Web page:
through the head. A third enemy soldier threw a small "ink bottle" grenade which
exploded and hit Elledge in the shoulder. With his arm numb, and figuring he was
badly hit, Elledge slid on down the hill and went back to the battery's mess
Soon after 2200, Lieutenant Heath's main line of resistance began to break up
when the enemy seized and held part of the 1st Platoon's sector. The three hours
that followed were filled with fighting as intense and as frantic as any in
which the infantrymen had participated. Although the entire regimental perimeter
was under attack, it appeared then that the main effort was directed against
Company G. And within that company, the 1st and 3d Platoons were standing
athwart the two routes by which the enemy tried to reach the top of Company G's
hill. One of these routes followed the spur that led from Hill 397 into the
center of the 3d Platoon; the other route ran from the dead space in the creek bed to the saddle at the
boundary between the 3d and 1st Platoons. Loss of this saddle early in the night
seriously weakened the company's defenses, especially when the leader of the 1st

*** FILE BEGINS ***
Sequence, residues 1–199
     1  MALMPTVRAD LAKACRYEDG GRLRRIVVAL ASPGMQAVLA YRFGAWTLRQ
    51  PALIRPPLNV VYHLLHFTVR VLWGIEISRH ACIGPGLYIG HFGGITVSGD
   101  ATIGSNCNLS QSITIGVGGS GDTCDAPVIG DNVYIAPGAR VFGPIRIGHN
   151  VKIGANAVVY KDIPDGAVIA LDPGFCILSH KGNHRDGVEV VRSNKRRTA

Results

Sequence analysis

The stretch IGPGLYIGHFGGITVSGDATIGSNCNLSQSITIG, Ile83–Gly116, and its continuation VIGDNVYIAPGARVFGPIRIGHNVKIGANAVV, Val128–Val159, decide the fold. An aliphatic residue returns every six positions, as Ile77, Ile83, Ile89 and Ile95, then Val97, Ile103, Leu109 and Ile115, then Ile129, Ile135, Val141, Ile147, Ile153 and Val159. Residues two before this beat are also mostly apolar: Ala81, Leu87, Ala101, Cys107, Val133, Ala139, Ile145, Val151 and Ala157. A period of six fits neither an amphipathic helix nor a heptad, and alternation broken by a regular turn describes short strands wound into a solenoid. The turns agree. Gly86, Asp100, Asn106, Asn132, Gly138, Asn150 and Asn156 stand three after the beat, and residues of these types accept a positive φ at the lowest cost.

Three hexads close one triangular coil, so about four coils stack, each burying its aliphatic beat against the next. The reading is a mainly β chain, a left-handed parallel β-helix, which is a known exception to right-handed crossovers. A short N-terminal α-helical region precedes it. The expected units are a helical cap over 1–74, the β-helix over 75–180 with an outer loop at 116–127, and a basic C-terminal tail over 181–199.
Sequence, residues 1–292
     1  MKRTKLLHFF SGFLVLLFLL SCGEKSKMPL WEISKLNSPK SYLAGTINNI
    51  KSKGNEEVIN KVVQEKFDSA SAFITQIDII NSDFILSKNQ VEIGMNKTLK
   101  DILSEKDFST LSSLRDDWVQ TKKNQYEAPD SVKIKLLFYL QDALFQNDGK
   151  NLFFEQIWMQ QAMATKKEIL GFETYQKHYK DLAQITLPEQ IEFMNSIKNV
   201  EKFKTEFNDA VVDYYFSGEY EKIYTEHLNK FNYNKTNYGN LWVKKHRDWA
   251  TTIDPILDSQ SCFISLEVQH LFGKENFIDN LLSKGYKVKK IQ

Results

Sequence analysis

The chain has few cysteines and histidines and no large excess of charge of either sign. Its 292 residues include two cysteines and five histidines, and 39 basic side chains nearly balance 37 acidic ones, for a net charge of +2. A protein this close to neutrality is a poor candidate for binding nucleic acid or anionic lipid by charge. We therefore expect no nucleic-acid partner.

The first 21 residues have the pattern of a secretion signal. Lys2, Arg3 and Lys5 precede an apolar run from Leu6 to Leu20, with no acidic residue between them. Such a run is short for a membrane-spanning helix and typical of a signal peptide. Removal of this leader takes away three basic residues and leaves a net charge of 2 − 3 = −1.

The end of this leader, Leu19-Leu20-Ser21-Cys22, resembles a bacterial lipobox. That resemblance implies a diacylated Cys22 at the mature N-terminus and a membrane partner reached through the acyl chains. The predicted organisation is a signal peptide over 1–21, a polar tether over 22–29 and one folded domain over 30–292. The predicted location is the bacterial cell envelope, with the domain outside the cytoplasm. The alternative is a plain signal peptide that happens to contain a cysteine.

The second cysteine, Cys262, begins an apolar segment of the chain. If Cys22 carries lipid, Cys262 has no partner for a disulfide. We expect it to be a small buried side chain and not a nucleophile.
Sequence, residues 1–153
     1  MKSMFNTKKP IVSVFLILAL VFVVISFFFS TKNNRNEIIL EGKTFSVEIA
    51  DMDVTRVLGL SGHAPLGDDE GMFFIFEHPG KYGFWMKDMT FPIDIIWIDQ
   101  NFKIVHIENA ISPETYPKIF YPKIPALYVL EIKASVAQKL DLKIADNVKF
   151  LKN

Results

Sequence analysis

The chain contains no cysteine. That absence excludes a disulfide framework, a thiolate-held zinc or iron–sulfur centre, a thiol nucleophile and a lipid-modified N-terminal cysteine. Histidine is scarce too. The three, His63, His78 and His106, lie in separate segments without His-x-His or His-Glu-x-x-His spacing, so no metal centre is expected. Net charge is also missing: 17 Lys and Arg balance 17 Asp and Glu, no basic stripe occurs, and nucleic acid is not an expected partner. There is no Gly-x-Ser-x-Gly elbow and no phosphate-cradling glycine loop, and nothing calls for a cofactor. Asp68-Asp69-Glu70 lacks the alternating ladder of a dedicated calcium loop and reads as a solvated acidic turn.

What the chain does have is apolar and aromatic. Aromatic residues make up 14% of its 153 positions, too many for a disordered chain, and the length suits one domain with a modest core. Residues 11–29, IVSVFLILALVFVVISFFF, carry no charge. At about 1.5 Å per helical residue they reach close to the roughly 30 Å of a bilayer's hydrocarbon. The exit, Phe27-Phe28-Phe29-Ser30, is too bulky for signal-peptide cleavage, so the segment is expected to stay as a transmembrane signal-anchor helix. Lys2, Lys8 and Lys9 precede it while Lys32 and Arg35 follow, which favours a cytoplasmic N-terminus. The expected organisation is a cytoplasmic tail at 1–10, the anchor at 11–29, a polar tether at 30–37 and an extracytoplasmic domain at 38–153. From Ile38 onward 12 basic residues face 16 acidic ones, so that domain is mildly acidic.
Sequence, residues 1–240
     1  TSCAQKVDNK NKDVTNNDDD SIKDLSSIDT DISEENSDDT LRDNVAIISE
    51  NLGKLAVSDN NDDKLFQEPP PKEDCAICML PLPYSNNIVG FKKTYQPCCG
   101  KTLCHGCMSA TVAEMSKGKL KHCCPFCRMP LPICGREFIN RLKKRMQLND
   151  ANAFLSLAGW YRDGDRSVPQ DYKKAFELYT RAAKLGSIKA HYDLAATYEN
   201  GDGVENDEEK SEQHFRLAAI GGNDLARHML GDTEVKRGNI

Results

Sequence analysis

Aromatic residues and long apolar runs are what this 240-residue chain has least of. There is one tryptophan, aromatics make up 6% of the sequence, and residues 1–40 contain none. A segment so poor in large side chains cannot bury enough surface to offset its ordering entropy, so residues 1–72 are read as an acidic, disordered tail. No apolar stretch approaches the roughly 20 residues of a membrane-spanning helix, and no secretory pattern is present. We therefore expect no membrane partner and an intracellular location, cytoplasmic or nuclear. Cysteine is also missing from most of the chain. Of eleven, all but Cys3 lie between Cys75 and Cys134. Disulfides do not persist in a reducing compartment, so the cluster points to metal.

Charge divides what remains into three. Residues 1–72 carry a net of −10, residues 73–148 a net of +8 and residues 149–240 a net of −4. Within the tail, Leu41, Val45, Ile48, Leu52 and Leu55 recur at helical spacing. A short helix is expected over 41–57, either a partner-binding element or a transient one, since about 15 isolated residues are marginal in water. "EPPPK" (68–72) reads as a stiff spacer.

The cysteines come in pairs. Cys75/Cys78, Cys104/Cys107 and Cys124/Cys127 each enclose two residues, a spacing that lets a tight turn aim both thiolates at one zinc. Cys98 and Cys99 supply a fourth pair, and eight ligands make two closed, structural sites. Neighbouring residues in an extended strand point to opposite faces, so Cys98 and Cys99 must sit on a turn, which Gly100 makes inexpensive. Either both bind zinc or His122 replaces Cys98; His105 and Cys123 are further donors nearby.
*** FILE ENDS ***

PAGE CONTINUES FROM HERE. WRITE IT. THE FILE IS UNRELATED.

Platoon, not knowing that the enemy had wrested these foxholes from his men,
claimed to be in possession of the area for an hour or two after the enemy had
been firing the American machine gun from there. This gave the enemy ample time
to organize the saddle before the Americans counterattacked.
Lieutenant Heath used all the supporting fire he could get. He had mortar
fire from his own light mortars, the 81-mm weapons from Company H, and some help
from the regimental Heavy-Mortar Company. The explosions from these shells, most
of which fell in the area immediately south of Company G, sounded almost
humdrum. The 37th Field Artillery Battalion shelled the slope of Hill 397 1,500
yards south of Company G. Enemy mortar shells fell on the north side of the
hill, among Battery B's 155-mm howitzers, and on the French Battalion across the
road. At frequent intervals illuminating flares appeared in the sky, and one
time a plane dropped three large parachute flares which hovered in the sky above
Battery B. They burned for thirty seconds or longer, turning the natural bowl
from which the battery was firing into a large room flooded with bluish light.
By this time the Chinese had a machine gun operating in the saddle and swung it
toward the howitzers, raking the area.
Up on the hill the main weapons were small arms, grenades and explosive
charges. The Chinese were fighting for each foxhole, receiving heavy casualties,
but also taking some of the holes on Lieutenant Heath's front line and killing
and wounding men from Company G and Battery B. The walking wounded slid down the
hill and gathered at the building used as the company's command post or at one
of the tents set up by the artillerymen, or walked toward the medical clearing